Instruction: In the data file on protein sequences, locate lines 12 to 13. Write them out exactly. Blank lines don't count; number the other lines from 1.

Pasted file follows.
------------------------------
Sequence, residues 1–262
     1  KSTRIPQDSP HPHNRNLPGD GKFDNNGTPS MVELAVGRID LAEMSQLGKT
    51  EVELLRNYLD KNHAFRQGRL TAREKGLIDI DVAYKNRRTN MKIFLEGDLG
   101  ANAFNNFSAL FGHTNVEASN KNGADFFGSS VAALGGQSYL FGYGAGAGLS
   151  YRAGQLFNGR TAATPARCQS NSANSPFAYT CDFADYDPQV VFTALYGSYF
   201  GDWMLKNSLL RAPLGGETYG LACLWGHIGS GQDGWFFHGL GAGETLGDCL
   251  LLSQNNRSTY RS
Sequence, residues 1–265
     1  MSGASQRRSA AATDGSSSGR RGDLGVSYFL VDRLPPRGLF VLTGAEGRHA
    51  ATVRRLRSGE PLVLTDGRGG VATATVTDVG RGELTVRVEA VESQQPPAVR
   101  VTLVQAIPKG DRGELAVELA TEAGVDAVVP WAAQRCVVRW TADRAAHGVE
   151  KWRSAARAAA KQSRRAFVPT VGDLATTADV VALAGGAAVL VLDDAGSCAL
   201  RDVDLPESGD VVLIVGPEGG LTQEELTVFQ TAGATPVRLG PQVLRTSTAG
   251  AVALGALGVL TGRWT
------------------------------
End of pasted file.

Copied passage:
   151  KWRSAARAAA KQSRRAFVPT VGDLATTADV VALAGGAAVL VLDDAGSCAL
   201  RDVDLPESGD VVLIVGPEGG LTQEELTVFQ TAGATPVRLG PQVLRTSTAG